Japanese telecommunications provider NEC has completed the installation of the first fiber optic submarine cable to cross the South Atlantic and connect Africa to the Americas, two years after starting the project.
The system, commissioned by African wholesale telecoms operator Angola Cables, links Luanda in Angola to Fortaleza in Brazil, promising to lower latency – from 350ms to 63ms - and traffic costs between the two continents, while delivering a five-fold increase in data transfer speeds.
It is hoped that the new cable system will boost economies in both Africa and South America, vastly speeding up data exchanges between the two continents that previously had to route their communications through Europe.
Beyond the obvious connectivity improvements, the cable will lighten the load on fiber optic routes between the US and Asia too, halving latency between Miami and Cape Town.
Angola Cables CEO António Nunes said that the company’s ambition was to “transport South American and Asian data packets via our African hub using SACS, together with Monet and the WACS, providing a more efficient direct connectivity option between North, Central and South America onto Africa, Europe and Asia.”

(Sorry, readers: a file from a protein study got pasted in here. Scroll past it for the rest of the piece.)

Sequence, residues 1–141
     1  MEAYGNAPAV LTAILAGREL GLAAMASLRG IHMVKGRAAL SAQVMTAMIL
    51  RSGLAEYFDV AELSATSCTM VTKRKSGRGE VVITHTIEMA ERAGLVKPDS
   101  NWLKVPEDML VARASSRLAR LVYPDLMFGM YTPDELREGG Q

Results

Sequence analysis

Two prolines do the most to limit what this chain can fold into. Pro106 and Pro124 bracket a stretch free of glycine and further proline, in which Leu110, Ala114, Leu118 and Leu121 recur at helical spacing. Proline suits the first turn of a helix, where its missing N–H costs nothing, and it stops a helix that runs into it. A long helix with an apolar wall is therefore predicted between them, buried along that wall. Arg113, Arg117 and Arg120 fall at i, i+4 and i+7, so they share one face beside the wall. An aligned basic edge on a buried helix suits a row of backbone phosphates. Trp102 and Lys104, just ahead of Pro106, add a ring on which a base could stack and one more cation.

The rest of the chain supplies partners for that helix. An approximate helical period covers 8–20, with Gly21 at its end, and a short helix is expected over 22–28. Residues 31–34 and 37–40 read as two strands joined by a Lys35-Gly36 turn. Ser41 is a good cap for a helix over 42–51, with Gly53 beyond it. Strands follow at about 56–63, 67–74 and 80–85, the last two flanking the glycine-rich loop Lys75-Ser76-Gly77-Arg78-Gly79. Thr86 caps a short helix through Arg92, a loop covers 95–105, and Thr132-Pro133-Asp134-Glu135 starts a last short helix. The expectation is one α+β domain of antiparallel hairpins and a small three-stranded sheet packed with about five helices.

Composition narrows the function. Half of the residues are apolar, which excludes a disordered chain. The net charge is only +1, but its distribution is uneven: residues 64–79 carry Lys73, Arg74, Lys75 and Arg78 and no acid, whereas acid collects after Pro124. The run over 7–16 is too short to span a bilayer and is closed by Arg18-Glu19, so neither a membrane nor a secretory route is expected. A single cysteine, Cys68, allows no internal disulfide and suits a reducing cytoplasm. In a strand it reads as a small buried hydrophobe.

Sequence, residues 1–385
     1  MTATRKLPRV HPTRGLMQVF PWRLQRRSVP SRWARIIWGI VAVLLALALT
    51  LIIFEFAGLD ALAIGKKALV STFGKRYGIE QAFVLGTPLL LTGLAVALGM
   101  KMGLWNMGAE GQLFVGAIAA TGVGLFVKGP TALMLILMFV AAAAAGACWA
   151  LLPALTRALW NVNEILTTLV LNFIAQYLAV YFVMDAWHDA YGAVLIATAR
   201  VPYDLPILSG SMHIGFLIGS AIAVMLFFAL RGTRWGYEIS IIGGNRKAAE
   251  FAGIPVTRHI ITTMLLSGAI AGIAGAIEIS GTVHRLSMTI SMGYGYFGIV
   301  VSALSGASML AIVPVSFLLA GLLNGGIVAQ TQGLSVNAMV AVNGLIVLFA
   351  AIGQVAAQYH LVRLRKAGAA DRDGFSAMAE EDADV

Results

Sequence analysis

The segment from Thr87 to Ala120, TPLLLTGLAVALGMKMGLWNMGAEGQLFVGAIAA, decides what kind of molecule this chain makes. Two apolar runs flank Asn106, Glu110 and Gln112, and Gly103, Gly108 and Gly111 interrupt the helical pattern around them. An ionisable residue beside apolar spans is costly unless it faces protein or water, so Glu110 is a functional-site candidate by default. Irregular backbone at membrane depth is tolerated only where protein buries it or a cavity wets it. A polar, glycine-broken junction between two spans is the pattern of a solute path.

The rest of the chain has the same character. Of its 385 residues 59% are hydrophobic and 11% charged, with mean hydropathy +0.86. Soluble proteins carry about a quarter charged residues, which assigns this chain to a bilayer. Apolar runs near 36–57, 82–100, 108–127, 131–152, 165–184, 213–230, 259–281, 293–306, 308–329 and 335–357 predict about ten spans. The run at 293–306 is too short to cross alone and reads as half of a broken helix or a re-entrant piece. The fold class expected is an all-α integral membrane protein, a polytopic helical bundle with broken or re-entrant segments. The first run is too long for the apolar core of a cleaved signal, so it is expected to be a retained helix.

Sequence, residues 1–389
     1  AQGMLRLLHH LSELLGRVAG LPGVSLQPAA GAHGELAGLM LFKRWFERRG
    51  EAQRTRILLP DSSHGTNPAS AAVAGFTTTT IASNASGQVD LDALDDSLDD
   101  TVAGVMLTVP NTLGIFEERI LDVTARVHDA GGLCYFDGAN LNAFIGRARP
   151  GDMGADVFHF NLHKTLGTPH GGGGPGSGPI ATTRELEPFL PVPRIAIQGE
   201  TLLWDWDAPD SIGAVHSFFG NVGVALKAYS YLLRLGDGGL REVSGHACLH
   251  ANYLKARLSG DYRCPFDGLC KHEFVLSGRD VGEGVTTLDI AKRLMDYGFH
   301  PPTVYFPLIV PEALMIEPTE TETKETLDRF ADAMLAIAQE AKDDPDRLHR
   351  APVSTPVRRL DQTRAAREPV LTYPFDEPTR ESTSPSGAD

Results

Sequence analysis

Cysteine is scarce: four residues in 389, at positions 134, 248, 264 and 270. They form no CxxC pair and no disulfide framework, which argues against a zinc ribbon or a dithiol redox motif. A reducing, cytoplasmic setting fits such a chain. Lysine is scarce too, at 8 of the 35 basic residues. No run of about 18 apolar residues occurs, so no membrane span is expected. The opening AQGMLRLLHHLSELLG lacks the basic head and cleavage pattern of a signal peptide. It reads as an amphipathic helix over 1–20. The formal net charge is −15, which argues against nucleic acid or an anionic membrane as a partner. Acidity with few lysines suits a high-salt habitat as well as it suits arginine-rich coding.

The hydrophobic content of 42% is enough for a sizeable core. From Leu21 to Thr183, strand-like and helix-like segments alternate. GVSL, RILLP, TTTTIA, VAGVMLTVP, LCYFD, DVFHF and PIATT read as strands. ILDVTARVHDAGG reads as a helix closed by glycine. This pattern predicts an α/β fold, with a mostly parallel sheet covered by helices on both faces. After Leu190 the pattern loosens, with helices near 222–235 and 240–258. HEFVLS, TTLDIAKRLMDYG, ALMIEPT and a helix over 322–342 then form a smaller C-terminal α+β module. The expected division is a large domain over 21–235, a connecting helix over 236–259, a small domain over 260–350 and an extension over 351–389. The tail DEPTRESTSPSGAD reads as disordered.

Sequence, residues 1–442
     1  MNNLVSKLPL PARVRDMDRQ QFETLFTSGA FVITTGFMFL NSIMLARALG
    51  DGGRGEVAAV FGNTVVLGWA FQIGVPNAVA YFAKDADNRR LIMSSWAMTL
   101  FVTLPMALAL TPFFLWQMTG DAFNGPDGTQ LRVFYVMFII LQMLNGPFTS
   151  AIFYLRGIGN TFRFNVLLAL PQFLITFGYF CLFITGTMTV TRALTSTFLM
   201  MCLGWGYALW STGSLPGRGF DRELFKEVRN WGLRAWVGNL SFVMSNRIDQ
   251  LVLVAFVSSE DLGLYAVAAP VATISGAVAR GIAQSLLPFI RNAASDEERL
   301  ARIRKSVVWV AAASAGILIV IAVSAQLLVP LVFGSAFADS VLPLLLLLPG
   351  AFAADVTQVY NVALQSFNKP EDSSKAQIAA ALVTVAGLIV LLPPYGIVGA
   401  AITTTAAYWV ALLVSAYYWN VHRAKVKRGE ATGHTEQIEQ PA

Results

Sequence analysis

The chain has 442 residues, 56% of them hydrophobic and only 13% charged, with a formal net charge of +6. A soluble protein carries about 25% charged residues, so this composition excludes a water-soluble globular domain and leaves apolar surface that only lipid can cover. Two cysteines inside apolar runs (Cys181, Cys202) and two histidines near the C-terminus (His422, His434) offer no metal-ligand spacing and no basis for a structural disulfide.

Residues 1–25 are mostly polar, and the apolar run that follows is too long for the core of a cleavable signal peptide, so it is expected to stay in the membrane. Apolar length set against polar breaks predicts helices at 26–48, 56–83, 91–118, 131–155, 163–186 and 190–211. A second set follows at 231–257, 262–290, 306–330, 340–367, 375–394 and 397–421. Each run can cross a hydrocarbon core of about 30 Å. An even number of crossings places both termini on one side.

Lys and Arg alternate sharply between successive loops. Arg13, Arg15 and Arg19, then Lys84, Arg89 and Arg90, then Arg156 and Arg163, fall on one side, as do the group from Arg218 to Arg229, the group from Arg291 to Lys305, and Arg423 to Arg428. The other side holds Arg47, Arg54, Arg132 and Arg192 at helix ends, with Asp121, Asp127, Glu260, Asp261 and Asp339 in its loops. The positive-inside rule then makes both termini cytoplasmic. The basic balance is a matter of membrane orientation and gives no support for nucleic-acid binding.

“By developing and connecting ecosystems that allows for local IP traffic to be exchanged locally and regionally,” he continued, “the efficiency of networks that are serving the southern hemisphere can be vastly improved. As these developments progress, they will have considerable impact for the future growth and configuration of the global Internet.”